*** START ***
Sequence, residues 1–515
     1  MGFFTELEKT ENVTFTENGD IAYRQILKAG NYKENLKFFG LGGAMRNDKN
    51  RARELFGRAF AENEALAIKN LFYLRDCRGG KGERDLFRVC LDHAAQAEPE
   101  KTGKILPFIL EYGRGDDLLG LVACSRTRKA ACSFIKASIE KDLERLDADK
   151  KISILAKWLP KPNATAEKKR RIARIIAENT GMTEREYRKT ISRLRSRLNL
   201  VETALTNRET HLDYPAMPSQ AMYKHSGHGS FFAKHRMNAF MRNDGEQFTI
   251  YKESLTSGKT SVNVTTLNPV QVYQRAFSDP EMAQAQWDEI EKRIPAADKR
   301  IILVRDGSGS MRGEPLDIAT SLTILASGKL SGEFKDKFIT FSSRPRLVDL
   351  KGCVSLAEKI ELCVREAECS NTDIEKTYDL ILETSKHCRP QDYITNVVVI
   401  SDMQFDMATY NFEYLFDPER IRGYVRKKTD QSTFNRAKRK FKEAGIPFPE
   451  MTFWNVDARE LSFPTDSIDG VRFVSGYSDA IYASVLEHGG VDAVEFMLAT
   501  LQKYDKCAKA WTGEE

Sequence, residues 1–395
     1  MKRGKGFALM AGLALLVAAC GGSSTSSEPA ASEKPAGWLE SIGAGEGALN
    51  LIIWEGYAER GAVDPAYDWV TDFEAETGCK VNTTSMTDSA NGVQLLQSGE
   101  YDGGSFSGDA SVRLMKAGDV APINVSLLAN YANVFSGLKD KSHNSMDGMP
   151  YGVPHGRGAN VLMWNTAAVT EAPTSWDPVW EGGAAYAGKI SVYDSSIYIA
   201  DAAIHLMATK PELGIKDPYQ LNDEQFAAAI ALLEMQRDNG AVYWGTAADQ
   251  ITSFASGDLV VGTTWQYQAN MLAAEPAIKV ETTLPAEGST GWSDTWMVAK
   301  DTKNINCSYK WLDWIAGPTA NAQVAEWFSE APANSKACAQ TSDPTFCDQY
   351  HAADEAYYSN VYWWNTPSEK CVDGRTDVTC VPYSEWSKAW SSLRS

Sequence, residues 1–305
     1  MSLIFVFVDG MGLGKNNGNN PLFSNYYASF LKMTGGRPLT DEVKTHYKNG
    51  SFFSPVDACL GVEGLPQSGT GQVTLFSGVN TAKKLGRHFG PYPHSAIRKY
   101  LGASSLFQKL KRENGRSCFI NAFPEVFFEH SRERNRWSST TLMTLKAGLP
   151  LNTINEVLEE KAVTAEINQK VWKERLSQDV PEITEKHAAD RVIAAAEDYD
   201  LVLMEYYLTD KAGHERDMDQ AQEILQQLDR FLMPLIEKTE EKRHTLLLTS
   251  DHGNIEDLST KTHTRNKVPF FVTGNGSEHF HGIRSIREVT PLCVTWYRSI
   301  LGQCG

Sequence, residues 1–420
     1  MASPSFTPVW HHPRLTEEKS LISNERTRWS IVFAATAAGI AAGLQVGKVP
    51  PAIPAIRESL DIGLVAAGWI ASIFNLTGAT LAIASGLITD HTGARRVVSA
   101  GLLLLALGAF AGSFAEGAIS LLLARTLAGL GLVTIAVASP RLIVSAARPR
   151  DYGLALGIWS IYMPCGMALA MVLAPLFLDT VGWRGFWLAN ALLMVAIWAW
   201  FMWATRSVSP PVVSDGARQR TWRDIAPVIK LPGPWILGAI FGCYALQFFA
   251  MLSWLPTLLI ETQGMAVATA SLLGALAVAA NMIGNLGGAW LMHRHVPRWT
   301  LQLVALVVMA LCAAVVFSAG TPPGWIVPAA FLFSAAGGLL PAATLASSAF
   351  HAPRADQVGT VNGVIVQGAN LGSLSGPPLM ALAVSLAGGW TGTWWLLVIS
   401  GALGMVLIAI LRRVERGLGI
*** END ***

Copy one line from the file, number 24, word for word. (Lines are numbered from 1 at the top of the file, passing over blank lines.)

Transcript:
    51  SFFSPVDACL GVEGLPQSGT GQVTLFSGVN TAKKLGRHFG PYPHSAIRKY